On average, adults spend a third of their time sleeping. Most healthy adults generally spend seven to nine hours a night sleeping, while some individuals can get by without feeling drowsy on six hours' rest and others require as much as ten hours to function without drowsiness. Given this large chunk of humanity's existence dedicated to a single purpose, choosing the mattress on which to sleep should be a relatively straightforward matter. Unfortunately, mattresses come with a variety of types and features many individuals find confusing. Research is also continually studying sleep health and habits, which leads inevitably to changing products. These tips will help discover how to choose the best mattress for your health.
Consider Your Sleeping Position
Studies have established eight sleeping positions, but these are generally lumped into three main categories: stomach, back, and side. Different mattresses are designed for different sleeping positions. Side sleeping is most common and vitally requires proper pressure relief. Without this consideration, hips and shoulders take the extra strain while a side sleeper sleeps, causing discomfort during waking hours. A side sleeper, therefore, requires a mattress with a thicker and softer comfort layer, about three inches on average. Back sleepers, on the contrary, do better with a thinner top layer of about two inches. Stomach sleepers require the thinnest layer of all, with one inch to give cushioning to any bony areas without creating unnatural curves in the back. Consider your sleeping position to find the ideal mattress.
Continue reading to learn about the next factor in choosing your mattress: debating how firm or soft it needs to be.
Determine How Firm Or Soft You Want It
The best mattress firmness is a little challenging to declare universally, as it is somewhat subjective. Whether a mattress is firm, soft, or somewhere in between depends on an individual's definition of firm, medium, and soft. Factors such as body weight, type, size, and sleeping position play into this feeling of firmness. These are why you must determine how firm or soft you want it. Customers often mistakenly conflate support and firmness as the same, but this isn't the case. Good support means the mattress keeps the sleeper's spine is properly aligned and avoids creating pressure points. Firmness is more of an indicator of how the mattress feels and a firm mattress may not always give the appropriate support for the sleeper. Some manufacturers have developed what they call universal comfort, which includes a variety of layers and foams to adjust to each sleeper's needs, and is typically a happy medium of firmness for most sleepers.
Continue for details on how weight can impact the type of mattress needed for health.
Consider Your Body Weight
For mattress-choosing considerations, an average sleeper weighs between 130 to 230 pounds, and you must consider your body weight to select the ideal mattress. The higher the sleeper's weight is within this range, the firmer the best mattress should be. This holds true with weights above beyond the average range. It boils down to this: the higher the individual's weight, the more firm the mattress should be.
Body shape also comes into play for the distribution of weight. Side sleepers with a broad waist and narrower hips and shoulders, for instance, typically like a medium-firm mattress. Back sleepers with a more hourglass figure of broad shoulders and ships with narrow waist are drawn to medium-firm to firm mattresses. Smaller individuals, those under 130 pounds, gravitate toward softer mattresses, again depending on individual weight distribution and sleeping position.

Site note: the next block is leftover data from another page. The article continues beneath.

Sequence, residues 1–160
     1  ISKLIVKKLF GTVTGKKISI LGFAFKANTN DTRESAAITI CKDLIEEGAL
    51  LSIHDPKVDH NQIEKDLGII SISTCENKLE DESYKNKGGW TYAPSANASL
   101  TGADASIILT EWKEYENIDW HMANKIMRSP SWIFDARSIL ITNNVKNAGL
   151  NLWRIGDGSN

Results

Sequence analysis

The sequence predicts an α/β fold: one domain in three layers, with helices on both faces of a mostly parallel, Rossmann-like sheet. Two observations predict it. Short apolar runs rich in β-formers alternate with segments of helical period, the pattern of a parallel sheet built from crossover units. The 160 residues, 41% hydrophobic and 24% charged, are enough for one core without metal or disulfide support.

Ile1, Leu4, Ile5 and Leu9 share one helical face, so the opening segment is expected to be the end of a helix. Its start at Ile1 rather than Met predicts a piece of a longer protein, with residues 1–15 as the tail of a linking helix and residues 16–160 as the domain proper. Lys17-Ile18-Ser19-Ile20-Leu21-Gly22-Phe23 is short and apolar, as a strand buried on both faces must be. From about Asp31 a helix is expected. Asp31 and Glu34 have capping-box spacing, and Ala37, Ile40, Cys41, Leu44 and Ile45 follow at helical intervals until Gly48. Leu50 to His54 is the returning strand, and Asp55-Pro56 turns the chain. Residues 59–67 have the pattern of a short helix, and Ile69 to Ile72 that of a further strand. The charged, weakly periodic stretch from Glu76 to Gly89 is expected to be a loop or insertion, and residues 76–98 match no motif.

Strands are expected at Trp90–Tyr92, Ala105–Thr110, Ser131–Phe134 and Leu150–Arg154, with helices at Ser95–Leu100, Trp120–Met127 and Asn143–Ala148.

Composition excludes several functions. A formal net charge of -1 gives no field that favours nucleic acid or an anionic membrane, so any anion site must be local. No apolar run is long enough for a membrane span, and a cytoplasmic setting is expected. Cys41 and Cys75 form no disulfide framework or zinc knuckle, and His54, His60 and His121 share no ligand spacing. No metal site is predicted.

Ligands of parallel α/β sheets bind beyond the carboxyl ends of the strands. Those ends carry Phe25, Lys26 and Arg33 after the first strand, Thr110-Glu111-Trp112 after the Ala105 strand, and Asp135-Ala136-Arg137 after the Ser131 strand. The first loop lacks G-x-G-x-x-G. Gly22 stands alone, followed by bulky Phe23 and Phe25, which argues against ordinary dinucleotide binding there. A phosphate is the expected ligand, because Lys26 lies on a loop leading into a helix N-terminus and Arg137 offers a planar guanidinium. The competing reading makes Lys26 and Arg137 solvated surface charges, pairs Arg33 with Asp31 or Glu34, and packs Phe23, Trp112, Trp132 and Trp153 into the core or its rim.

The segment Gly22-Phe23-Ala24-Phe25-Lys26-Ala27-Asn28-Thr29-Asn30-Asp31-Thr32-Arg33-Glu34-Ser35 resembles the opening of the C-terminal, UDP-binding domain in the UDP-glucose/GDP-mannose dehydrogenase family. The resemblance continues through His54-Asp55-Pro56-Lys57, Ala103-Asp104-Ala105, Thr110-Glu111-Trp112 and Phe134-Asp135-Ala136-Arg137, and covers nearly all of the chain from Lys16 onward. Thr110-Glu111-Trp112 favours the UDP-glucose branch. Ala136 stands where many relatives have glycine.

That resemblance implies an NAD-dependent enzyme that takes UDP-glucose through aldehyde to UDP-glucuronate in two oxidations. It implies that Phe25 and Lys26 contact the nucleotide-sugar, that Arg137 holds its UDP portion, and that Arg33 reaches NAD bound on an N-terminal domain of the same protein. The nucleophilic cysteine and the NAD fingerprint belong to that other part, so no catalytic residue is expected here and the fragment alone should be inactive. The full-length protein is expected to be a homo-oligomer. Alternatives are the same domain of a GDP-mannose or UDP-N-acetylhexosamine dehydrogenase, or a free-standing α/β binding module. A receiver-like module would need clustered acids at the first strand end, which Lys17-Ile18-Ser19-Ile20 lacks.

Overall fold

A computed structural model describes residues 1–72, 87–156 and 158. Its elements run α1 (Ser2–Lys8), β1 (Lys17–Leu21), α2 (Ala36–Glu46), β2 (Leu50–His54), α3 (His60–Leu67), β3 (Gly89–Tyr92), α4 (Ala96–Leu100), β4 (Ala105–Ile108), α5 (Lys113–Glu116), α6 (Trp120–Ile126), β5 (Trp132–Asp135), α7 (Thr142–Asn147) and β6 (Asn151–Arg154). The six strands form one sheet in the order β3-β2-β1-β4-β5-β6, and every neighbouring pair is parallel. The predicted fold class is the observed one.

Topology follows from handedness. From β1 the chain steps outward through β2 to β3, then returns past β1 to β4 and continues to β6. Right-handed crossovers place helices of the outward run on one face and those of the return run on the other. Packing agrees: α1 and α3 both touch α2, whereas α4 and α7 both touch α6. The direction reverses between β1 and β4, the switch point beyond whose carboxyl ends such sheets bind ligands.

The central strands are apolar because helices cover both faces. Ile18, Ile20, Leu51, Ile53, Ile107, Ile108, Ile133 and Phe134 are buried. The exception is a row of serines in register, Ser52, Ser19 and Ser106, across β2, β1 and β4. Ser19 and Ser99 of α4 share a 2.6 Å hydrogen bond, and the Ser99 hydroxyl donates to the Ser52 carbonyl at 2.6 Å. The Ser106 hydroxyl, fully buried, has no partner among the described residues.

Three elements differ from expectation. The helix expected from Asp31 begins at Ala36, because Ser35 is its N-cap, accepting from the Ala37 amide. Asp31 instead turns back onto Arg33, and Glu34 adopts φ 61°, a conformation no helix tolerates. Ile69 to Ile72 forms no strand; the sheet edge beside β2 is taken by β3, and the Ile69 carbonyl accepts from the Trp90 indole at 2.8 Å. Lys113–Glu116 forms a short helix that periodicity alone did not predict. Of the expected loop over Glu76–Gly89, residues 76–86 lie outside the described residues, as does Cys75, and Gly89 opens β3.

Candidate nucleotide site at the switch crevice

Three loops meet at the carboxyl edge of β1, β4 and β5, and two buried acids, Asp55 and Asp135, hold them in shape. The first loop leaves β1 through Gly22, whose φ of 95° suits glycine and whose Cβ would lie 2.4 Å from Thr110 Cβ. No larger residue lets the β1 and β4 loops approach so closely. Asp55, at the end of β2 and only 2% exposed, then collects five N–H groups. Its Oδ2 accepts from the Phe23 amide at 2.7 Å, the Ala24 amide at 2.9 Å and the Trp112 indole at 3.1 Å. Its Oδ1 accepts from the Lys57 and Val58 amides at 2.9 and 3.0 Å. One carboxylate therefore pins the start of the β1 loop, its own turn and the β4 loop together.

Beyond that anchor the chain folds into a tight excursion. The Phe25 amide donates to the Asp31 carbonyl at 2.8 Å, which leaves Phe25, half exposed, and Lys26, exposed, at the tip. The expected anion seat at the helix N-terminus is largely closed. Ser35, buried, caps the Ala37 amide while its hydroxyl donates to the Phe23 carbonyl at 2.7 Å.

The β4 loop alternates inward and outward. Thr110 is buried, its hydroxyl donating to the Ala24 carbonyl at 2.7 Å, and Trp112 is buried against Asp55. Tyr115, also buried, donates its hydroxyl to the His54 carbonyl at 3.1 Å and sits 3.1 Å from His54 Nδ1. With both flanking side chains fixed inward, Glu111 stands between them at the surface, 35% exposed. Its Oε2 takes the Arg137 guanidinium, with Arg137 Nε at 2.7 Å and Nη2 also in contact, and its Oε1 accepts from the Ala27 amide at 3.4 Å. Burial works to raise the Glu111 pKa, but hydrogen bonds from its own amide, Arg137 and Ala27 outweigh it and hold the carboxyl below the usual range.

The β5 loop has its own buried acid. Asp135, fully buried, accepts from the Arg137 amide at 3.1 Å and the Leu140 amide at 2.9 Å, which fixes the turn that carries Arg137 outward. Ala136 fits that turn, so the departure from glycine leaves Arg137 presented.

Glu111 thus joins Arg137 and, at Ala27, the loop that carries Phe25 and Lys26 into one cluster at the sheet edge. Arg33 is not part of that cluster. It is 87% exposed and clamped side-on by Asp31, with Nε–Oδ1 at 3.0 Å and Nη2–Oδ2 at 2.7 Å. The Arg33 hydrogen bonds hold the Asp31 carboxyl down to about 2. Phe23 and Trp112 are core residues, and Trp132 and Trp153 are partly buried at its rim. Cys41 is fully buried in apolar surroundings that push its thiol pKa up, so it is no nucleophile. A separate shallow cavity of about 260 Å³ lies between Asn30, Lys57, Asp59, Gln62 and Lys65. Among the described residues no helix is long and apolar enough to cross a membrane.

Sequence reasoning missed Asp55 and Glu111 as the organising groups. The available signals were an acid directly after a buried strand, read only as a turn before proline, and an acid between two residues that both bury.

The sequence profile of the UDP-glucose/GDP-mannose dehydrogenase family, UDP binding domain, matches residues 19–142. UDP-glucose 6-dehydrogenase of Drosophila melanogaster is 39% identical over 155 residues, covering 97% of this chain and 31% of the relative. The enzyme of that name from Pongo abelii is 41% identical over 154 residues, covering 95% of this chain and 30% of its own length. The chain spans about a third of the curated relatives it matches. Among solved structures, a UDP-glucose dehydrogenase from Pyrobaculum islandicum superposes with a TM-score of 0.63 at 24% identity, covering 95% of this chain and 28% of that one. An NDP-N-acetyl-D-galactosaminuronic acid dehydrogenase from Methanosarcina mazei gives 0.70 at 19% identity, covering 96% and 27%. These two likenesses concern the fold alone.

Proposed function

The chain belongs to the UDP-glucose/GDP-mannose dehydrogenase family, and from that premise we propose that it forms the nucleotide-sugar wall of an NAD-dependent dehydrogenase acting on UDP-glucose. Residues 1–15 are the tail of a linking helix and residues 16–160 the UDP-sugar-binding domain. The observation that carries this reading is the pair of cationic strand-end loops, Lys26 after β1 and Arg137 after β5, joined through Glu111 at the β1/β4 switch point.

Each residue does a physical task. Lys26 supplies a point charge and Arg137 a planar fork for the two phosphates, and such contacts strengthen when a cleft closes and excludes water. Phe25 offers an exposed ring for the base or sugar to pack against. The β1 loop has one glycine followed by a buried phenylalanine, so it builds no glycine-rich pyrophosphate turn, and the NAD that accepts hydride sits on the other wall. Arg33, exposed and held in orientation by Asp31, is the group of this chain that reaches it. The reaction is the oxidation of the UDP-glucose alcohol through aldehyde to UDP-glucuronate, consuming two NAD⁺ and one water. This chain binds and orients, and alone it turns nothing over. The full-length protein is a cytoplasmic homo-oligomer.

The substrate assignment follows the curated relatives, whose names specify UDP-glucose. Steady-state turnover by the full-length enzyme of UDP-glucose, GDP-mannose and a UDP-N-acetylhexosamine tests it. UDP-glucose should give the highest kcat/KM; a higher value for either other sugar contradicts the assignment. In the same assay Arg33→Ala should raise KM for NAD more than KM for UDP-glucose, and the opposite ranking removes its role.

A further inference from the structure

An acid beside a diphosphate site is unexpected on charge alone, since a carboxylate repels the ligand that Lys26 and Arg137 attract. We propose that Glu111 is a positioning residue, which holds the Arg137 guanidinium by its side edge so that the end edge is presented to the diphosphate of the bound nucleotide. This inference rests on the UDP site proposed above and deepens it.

Continue to understand why knowing where your aches and pains are is crucial for selecting the best mattress.
Know Where You Have Aches And Pains
Lower back discomfort or pain is the single leading factor of disability worldwide, and when it comes to missing work, lower back pain is one of the most common reasons. According to the American Chiropractic Association, up to eighty percent of individuals will experience it at some time in their lives. Pain is also an essential element keeping many individuals from receiving the quality sleep they require. All this adds up to the importance of knowing where personal problem areas lie and finding a mattress to accommodate these areas. Choosing a mattress that provides proper support for the spine and softer areas for pressure points will lead to reduced pain and a better night's sleep. It is best to go shopping for a mattress forearmed with the knowledge of individual needs and know where you have aches and pains.
Continue for details on considering the features of mattresses when making your choice.
Look At The Features It Comes With
Different types of firmness and support aside, another important factor in mattress shopping is to consider its included features. One often overlooked, but extremely useful, feature is the inclusion of handles. While pillowtop mattresses are not flipped as older mattresses needed to be, handles help in the recommended rotation of mattresses every two to three months. Handles also are handy in initial purchase and later moves. A removable cover is also useful for preventing stains from reaching the mattress itself and requiring careful cleaning with the perfect balance of just enough water and cleaning solution without soaking the mattress. Many consumers, when they look at the features it comes with, are also looking for organic mattresses, a more common feature as people avoid the chemicals that can go into mattress manufacturing.